The principal aims of this project are to understand the perceptual and physiological mechanisms that allow primates, including man, to navigate using visual motion information. Previous work has elucidated the mechanisms of the passive perception of simulated self-motion, but this is a far cry from actually using motion information t guide an ongoing trajectory. There are two primary cues used in visual navigation: the position of targets (and obstacles) and the """"""""optic flow"""""""" information that provides instantaneous feedback about one's immediate trajectory in the world. The experiments in this proposal wil test how motion-sensitive neurons in the higher levels of visual cortex process, combine, and represent these two cues for the guidance of ongoing behavior. The physiological experiments will be directed at two areas at the highest levels of the """"""""motion system"""""""" in dorsal extrastriate cortex: the medial superior temporal area (MST) and the ventral intraparietal area (VIP). We will test how the signals in these areas correlate with performance on a recently developed active steering task. In this task, nonhuman primates control a virtual trajectory presented in a virtual reality setting. This allows precise control of the cues and also enables the physiological experiments that form the core of the proposal. The specific hypotheses under test in the physiological experiments in Aims 1 and 2 concern the mechanisms by which these signals support performance of a complex, natural task.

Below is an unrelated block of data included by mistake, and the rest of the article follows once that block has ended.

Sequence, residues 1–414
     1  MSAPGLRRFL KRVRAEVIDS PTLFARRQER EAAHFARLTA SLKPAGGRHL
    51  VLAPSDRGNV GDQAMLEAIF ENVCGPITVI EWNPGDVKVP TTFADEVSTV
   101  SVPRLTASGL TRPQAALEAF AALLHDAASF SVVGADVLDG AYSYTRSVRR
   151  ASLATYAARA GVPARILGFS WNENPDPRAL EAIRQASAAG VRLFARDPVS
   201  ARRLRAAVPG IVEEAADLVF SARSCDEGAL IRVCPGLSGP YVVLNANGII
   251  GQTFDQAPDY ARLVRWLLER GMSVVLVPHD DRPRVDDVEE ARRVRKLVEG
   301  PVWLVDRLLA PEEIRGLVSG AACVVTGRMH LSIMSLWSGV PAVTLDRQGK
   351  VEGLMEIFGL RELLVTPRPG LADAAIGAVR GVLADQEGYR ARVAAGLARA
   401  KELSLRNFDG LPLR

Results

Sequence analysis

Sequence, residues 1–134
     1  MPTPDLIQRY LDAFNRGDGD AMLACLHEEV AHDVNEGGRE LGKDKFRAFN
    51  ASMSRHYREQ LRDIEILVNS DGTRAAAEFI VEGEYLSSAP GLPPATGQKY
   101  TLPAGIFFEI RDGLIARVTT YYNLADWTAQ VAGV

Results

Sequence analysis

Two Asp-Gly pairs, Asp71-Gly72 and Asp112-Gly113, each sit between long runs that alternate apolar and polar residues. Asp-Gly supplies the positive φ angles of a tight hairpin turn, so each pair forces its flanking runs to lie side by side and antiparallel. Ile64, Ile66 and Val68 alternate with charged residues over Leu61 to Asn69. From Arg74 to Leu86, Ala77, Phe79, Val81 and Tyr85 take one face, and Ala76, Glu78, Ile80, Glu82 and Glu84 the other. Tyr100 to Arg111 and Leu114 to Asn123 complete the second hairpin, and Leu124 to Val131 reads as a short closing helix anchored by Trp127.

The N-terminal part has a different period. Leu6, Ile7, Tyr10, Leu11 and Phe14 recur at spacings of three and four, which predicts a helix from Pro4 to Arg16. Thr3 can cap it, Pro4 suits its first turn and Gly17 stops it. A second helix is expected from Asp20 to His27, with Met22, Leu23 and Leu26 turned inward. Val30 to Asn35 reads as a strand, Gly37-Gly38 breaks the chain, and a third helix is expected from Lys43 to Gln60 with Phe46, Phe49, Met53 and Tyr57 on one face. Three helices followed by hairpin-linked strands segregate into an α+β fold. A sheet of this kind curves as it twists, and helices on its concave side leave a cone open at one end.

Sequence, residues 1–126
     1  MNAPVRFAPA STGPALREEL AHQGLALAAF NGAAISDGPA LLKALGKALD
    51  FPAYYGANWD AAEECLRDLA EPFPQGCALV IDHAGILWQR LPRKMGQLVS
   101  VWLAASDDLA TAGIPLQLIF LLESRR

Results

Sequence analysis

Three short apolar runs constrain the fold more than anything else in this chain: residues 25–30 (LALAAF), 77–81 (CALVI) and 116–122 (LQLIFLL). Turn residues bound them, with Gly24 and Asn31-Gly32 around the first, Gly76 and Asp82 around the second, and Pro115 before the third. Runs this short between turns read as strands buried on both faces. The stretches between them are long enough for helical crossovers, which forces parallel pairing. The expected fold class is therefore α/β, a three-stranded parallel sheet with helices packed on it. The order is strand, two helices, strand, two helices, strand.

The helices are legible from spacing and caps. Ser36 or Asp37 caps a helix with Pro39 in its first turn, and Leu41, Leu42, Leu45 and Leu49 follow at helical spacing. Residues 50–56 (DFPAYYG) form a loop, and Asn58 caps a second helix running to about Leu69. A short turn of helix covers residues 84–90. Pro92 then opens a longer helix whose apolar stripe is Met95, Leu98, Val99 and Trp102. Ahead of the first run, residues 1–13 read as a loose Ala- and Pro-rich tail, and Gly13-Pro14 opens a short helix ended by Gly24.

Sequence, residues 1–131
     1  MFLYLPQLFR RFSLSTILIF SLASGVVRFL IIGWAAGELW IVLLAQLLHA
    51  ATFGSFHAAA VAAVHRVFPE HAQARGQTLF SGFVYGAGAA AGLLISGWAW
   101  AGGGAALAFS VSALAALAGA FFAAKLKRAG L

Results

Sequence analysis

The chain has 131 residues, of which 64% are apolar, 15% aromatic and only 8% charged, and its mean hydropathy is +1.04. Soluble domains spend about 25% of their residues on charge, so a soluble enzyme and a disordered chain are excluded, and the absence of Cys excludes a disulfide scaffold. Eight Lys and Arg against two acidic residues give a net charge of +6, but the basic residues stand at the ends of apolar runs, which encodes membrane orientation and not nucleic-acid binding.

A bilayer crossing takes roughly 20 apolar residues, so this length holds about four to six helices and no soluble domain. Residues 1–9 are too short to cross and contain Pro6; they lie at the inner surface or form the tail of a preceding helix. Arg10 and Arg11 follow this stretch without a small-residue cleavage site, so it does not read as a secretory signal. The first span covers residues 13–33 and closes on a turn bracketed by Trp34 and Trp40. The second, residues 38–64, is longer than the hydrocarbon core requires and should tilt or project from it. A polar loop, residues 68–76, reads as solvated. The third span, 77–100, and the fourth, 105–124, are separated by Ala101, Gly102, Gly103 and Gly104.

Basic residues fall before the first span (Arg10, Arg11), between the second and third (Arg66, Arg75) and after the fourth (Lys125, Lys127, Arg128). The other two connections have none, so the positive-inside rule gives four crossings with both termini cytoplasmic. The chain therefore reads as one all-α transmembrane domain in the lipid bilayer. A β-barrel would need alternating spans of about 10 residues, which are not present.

In Aim 3, we will be developing a biologically realistic, experimentally-constrained computational model of how the nervous system controls steering behavior. Successful conclusion of these aims will allow us to understand both where in the brain such guidance is supported, and how the signals there relate to behavioral capabilities. This information is important from a pure scientific perspective, and will also potentially inform the creation of visual prosthetics to assist navigation by visually impaired patients, and could help the development of improved robotic navigation systems.
Blindness and low vision affect tens of millions of Americans. One of the principal consequences of such disorders is impairment in the ability to navigate in their environments. This proposal contains experiments on the basic mechanisms of visually guided navigation in our close relative, macaque monkeys. Understanding these basic mechanisms will help in the development of navigational tools, prosthetics, and robotic navigational systems.